There has been much discussion regarding the General Assembly returning in December for special session and what role it plays in the certification of elections, as well as the presidential electors. I wanted to provide you with extensive information addressing constitutional, statutory and case law surrounding the General Assembly’s powers of when the General Assembly is in session, the role of the General Assembly in certifying elections and electors, Congress’ authority to act and constitutional actions taken to address the 2020 General Election.

Before doing that, I need to address the question I am asked most often - what I have done. Article VI, Section 3 of the Pennsylvania Constitution requires elected officeholders to take this oath:

"I do solemnly swear (or affirm) that I will support, obey and defend the Constitution of the United States and the Constitution of this Commonwealth and that I will discharge the duties of my office with fidelity."  

I take this oath very seriously and have used it to guide my conduct while in office, including how to remedy the issues surrounding the 2020 General Election. Pennsylvania saw a record voter turnout for the 2020 General Election, and I thank everyone who voted. In the 88th Legislative District, which I represent, the presidential race was essentially a toss-up. Among 36,490 ballots cast, the difference was a mere 506 votes (according to Cumberland County’s preliminary results).

To the question of elections, we need a process we can all be confident in, one that is fair and transparent. To date, I have supported every effort which conforms to my constitutional and statutory authority while working tirelessly to address many issues surrounding the 2020 General Election. This includes:

  •   Joining colleagues in calling on Gov. Tom Wolf to hold a Special Session on the 2020 General Election. Please click here to read our request, which he subsequently refused.
  •   Voting for House Bill 2626, which called for various changes to the mail-in ballot process. This legislation passed the House but was never voted by the Senate and was going to be vetoed by Gov. Wolf.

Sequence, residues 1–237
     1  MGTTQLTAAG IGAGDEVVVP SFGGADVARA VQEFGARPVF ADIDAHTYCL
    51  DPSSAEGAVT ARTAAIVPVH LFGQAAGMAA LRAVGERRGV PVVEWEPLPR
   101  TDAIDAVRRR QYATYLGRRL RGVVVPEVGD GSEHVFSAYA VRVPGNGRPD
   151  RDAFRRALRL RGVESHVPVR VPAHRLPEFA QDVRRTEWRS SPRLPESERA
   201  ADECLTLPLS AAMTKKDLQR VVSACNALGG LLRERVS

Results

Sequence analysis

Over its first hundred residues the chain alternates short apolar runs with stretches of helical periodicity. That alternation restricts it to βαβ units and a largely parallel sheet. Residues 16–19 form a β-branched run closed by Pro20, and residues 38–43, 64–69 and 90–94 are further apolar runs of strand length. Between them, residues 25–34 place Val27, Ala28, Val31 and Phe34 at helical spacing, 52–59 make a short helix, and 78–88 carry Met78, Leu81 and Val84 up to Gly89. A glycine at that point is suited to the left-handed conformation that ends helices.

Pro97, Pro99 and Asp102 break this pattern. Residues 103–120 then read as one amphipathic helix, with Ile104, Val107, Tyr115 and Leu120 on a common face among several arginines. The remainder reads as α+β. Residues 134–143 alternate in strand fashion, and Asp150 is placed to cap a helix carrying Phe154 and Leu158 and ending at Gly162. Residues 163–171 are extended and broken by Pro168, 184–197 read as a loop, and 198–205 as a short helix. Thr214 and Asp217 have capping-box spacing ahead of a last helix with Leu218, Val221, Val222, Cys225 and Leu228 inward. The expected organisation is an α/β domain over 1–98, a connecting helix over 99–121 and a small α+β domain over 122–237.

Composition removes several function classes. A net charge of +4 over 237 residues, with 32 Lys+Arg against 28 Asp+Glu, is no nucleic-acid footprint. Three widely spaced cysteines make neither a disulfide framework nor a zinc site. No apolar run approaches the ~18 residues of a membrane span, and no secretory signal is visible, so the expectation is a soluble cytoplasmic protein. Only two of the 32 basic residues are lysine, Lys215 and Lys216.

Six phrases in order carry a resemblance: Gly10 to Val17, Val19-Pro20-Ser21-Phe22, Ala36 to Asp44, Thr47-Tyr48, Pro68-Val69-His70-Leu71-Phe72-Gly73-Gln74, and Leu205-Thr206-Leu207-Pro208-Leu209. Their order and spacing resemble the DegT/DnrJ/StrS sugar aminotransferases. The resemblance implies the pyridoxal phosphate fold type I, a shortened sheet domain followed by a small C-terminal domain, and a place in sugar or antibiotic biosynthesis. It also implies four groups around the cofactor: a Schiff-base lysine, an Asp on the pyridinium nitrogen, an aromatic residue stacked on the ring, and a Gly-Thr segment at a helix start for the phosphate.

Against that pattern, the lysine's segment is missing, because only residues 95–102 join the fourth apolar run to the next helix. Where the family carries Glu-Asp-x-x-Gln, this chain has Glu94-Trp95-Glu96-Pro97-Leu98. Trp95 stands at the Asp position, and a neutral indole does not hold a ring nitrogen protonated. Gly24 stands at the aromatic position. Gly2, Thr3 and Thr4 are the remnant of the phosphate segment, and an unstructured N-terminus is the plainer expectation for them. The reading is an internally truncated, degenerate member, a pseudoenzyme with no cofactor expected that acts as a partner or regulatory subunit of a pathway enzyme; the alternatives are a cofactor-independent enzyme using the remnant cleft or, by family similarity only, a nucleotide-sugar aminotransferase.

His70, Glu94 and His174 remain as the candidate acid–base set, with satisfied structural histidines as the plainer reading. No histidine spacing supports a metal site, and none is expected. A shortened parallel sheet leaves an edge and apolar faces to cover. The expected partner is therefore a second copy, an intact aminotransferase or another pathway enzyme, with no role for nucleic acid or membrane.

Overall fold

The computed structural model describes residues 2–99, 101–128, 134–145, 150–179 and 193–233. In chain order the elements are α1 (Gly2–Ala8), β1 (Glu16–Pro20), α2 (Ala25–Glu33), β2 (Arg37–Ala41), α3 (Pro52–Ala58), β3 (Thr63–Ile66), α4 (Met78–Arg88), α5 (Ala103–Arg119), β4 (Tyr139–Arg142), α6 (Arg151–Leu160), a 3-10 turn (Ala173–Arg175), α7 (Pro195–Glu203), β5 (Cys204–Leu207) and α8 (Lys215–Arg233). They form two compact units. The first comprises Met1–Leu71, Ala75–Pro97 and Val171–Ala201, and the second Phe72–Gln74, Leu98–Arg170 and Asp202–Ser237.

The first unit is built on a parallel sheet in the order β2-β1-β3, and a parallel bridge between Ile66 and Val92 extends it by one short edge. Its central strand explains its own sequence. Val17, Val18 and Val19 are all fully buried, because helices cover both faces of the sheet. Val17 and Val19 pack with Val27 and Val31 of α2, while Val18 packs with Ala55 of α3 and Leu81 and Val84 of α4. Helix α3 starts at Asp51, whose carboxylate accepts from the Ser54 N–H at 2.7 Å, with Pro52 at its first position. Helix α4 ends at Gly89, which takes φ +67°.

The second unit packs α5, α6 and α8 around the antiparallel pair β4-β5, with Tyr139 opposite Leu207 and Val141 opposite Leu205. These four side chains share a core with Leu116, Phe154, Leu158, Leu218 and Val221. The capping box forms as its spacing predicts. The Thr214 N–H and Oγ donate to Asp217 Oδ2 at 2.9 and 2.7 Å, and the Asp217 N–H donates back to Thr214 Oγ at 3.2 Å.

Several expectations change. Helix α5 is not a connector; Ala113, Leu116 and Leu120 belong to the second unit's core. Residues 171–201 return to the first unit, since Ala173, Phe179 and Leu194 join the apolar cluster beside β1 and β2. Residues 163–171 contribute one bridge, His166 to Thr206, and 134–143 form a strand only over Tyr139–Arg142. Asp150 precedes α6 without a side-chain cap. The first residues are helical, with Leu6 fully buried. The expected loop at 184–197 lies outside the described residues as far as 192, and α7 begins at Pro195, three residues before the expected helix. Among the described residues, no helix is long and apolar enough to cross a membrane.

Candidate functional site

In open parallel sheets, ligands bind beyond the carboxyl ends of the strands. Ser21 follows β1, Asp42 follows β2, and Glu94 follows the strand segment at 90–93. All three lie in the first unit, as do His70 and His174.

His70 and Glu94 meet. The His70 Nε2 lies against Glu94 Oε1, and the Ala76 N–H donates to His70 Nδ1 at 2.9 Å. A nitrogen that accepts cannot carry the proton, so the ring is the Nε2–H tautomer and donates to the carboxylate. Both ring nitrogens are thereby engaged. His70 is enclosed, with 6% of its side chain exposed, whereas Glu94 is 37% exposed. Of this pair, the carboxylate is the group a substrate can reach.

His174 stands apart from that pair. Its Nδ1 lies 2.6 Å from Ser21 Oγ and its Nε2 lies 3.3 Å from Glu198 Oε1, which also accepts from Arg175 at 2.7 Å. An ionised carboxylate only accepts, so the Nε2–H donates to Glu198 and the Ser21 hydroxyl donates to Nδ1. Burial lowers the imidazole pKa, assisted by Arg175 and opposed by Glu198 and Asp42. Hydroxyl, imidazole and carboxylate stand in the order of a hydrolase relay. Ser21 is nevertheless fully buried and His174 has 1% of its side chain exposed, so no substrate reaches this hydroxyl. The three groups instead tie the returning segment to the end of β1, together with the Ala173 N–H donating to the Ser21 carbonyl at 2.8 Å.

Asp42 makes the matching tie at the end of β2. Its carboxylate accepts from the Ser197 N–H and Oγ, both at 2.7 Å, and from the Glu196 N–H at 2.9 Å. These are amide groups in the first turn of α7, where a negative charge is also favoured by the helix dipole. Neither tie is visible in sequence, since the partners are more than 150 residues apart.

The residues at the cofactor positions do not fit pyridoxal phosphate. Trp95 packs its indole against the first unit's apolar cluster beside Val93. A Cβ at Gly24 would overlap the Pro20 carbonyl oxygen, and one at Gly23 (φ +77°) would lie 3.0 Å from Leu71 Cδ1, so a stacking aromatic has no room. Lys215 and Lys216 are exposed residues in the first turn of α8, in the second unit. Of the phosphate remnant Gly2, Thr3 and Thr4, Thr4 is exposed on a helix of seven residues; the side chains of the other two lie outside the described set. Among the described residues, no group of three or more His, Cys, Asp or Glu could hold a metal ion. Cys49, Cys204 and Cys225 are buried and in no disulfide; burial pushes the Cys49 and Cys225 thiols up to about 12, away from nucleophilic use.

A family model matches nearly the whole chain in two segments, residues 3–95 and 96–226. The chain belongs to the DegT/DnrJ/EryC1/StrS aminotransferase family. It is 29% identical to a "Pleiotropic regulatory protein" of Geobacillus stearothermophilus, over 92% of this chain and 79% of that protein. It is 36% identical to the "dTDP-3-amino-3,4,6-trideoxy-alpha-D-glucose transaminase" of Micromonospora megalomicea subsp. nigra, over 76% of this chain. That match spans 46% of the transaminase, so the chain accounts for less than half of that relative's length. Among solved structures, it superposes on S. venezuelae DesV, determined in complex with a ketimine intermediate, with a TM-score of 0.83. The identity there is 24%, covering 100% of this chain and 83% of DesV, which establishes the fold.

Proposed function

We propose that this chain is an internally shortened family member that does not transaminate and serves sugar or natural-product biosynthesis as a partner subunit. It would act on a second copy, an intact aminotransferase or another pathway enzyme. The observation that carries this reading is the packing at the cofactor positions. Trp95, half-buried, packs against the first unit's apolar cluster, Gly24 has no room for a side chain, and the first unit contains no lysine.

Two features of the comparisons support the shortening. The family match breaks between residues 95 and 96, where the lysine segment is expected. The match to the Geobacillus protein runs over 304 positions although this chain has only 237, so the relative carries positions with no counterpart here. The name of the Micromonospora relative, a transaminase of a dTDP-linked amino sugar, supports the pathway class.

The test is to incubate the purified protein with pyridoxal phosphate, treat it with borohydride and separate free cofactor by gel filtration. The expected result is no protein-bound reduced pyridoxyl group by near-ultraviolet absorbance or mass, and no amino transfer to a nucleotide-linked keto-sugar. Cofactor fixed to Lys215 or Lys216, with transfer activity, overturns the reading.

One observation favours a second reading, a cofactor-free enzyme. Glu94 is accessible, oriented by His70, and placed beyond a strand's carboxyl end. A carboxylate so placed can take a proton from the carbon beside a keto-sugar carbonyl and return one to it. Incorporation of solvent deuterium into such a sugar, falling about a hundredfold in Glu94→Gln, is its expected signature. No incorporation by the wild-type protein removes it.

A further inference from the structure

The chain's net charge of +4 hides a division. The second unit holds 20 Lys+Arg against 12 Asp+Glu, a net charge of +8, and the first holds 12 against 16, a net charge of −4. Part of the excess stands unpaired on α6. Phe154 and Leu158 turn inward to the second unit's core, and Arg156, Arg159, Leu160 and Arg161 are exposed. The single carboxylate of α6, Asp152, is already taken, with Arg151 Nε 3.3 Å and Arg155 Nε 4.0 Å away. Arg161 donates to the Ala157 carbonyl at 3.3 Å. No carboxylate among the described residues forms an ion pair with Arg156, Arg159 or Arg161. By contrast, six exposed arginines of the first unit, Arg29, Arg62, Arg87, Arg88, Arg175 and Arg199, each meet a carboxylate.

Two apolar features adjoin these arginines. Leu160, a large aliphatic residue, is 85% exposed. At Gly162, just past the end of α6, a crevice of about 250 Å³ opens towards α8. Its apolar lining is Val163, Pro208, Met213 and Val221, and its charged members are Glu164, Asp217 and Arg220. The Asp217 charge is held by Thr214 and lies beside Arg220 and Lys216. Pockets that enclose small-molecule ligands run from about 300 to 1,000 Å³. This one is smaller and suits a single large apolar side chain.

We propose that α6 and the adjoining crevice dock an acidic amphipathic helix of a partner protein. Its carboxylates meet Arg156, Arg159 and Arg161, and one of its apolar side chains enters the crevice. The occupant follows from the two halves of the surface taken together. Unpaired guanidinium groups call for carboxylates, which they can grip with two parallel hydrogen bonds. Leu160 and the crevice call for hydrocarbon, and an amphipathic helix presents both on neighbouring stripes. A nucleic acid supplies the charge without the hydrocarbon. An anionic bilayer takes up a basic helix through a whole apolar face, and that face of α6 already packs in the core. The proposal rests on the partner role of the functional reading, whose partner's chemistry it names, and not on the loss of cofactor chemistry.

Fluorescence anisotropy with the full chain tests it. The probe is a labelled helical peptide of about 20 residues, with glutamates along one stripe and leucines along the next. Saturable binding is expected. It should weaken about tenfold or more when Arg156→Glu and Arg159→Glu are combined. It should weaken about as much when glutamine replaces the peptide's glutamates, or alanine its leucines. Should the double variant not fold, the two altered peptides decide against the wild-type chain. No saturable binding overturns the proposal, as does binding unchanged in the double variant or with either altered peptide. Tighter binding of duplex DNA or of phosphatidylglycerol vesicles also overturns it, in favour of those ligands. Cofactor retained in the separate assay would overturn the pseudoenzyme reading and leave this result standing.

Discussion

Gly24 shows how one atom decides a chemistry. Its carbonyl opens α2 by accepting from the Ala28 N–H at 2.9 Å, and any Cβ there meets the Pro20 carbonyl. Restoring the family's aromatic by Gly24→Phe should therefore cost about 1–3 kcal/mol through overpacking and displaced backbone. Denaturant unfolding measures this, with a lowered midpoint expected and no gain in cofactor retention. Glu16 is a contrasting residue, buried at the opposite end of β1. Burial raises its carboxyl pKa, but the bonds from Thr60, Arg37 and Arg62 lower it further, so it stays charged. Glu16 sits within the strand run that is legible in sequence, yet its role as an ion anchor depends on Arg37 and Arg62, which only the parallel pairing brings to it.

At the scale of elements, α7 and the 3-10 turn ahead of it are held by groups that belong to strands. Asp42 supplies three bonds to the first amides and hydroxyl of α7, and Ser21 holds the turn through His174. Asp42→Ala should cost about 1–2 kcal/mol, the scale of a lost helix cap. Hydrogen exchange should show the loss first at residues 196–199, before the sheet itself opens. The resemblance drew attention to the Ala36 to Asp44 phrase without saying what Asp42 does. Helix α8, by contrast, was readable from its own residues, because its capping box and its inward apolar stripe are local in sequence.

•   Voting for House Resolution 1100, which called for a post-election, risk-limited audit of all 67 counties by the Legislative Budget and Finance Committee. That committee rejected this request 2-1 by a partisan vote.
  •   Supporting a compressive report on legislative, executive, and judicial actions on elections during the 2019-2020 Session by the House State Government Committee. That report can be viewed here.
  •   Requesting the Office of Attorney General appoint a special prosecutor to review discrepancies during the 2020 General Election. Please click here to read that letter.
  •   Requesting the Office of Inspector General review the Pennsylvania Department of State’s operation of the 2020 General Election. Please click here to read that letter.
  •   “Friend of the Court”) brief filed by House leadership concerning our election laws. Click here to read the brief.

Election oversight and statutory changes will be a top priority when my fellow General Assembly members and I are sworn and seated on Jan. 5, 2021. During the few days the Legislature could operate following the 2020 General Election, my colleagues and I laid out much of the groundwork needed to start this process immediately following Swearing-In Day.

I’ve also been asked frequently to present evidence as to what I can and cannot do as a member of the state Legislature:

Congress’ Authority to Act

The year, the Pennsylvania General Assembly cannot return into session prior to Jan. 5, 2021, and is constitutionally barred under Article VI, Section 13 of the Pennsylvania Constitution from not certifying elections or awarding presidential electors from the 2020 General Election differently from current Pennsylvania law; however, Congress still has a very important role to play as Federal law provides them the opportunity to object to Presidential Electors under 3 US Code, Section 15:

3 U.S. Code § 15 - Counting electoral votes in Congress